Kernow Learning has been awarded funding from The Royal Society Partnership Grant Scheme to undertake a project that investigates biodiversity with a view to mapping out ways to enhance and protect it for the future. The project will run from April 2021 - December 2021.
We are incredibly lucky to have Anglia Ruskin University and Eden Project Learning working with us as the STEM partners. This project provides the year 4 students from participating schools with a unique opportunity to acquire skills of scientific enquiry and to really bring science lessons to life, laying foundations for a lifetime of being curious, enjoying science lessons and feeling confident about learning outside for a large proportion of the school day.
The participating schools are:
- Charlestown Primary School
- Beacon ACE Academy
- Upton Cross ACE Academy
- Foxhole Learning Academy.
Schools will be paired with a MSc Sustainability student who will work with them remotely to gather, record and map out data in the wild area at the Eden Project and in the three different habitats across the school grounds (coastal, rural and urban).
Through participating on this project, children will get hands-on experience of conducting a scientific enquiry, learn about the world around them, their natural heritage and why preserving biodiversity is so important.
The lead school is Charlestown Primary School. Headteacher, Mark Clutsom, said:
"We passionately believe in outdoor learning, including biodiversity. Projects which are in the planning stages (such as micro-propagation) will be run at school, in order to enrich our children's scientific understanding, create green entrepreneurs and excite them about the roles which exist currently in the field of biodiversity."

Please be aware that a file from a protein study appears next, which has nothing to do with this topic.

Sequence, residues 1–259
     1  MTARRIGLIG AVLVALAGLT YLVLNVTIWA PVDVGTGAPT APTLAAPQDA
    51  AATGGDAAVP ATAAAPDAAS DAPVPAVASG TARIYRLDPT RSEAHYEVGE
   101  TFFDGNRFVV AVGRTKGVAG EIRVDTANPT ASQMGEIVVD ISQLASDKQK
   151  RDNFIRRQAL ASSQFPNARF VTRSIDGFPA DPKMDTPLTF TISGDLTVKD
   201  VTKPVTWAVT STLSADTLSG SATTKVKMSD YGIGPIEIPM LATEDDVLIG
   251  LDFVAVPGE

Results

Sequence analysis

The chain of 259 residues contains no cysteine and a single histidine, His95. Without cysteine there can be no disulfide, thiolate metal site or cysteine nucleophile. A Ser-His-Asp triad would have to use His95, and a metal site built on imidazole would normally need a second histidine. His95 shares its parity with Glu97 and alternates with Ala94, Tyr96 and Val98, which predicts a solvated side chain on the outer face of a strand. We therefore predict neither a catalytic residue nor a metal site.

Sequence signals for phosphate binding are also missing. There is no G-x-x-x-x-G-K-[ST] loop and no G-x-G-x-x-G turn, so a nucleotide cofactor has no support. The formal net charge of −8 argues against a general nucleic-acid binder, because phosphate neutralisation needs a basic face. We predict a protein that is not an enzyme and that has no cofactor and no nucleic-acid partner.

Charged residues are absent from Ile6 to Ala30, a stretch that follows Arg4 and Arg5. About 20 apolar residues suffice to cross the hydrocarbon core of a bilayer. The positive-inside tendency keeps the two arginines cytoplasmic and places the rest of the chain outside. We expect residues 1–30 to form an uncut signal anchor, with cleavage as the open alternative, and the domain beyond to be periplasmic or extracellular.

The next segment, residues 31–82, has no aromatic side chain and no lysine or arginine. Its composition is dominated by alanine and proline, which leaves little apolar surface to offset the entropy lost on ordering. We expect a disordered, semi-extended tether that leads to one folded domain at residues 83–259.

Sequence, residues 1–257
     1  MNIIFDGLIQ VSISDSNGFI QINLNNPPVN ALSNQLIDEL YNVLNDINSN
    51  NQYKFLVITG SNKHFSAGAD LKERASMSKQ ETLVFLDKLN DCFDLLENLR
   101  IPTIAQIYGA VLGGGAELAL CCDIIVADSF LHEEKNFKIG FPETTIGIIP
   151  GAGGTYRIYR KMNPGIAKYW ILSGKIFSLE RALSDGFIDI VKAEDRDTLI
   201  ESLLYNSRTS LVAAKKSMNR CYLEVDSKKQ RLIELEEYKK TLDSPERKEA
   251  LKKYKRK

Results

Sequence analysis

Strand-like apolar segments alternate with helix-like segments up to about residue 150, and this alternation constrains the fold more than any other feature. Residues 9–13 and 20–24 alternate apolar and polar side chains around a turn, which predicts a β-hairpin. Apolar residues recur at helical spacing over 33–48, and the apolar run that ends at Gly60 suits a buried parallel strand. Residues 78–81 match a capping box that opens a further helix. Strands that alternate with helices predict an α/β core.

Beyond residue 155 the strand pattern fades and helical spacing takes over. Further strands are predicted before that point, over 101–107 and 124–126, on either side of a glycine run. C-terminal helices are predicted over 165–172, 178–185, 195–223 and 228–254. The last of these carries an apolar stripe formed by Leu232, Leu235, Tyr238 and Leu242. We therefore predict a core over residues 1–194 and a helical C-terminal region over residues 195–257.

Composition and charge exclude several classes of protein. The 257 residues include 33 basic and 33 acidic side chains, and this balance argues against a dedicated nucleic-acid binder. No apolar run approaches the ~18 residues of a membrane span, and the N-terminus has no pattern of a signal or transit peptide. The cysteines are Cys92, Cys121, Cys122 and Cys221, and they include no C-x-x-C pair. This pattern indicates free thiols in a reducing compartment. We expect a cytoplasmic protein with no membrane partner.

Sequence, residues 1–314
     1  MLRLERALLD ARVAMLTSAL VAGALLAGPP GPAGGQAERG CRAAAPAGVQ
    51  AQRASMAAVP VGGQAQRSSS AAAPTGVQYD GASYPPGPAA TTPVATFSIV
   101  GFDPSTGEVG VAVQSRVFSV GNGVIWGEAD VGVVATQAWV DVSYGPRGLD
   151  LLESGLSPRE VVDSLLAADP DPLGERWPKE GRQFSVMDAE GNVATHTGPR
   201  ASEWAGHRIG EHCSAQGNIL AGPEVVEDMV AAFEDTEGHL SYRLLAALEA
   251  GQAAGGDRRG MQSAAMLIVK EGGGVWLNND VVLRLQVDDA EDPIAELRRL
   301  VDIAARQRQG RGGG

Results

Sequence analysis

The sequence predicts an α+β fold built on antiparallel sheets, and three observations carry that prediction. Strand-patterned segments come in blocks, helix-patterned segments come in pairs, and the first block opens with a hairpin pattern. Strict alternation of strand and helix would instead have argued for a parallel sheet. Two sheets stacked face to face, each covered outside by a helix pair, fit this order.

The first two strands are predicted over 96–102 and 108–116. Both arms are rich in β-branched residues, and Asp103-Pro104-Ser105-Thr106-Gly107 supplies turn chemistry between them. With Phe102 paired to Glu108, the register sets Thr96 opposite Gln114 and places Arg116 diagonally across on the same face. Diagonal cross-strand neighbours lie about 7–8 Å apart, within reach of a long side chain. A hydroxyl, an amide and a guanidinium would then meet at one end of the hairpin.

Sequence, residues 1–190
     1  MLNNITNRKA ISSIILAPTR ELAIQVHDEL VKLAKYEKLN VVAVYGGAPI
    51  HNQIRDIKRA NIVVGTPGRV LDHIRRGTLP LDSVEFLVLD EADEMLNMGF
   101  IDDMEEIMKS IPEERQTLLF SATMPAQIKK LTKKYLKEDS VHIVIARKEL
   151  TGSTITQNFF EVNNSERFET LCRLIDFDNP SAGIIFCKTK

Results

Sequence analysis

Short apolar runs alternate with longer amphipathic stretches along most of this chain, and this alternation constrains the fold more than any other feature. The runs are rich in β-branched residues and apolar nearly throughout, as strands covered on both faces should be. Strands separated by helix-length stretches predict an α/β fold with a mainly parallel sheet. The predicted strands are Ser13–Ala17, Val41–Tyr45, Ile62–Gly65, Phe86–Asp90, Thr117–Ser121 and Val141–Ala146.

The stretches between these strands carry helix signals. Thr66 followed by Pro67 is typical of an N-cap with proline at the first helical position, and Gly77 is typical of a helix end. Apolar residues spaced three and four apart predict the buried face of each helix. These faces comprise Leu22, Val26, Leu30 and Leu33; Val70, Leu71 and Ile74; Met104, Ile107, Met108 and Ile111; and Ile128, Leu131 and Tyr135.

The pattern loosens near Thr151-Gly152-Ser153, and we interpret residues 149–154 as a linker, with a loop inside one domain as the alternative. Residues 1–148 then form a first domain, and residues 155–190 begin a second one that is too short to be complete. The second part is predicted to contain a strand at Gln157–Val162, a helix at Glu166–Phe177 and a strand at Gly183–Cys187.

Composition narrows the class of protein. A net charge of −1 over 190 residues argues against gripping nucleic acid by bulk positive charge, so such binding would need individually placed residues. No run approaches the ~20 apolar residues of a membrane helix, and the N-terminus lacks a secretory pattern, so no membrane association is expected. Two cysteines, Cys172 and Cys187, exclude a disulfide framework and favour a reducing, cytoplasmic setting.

"Primary school children are inherently passionate about the environment, and living as close to the beach as we do, we have a unique opportunity to develop real learning opportunities which ignite their aspirations and encourage them to make a difference both now and in the future as they become adults."
Dr Mark Nason, Academic Lead for Eden Project Learning, said:
"As we approach the launch in June of the UN Decade on Ecosystem Restoration, there is nothing more important than inspiring younger members of #GenerationRestoration to understand, care for, and enhance biodiversity. Partnering with Kernow Learning to team our MSc students with Year 4 pupils is a great way to share our passion for biodiversity – I’m sure that our students will learn as much as the pupils from this opportunity."
Dr Alison Greig, Director of Education for Sustainability at Anglia Ruskin University, said:
“Our students are looking forward to being involved in this project. It provides an exciting opportunity to capture young people’s curiosity and interest in their local natural environment and to help them make the link between this environment and their sustainable future.“
Please click on the images below to find out more about the organisations involved in this project: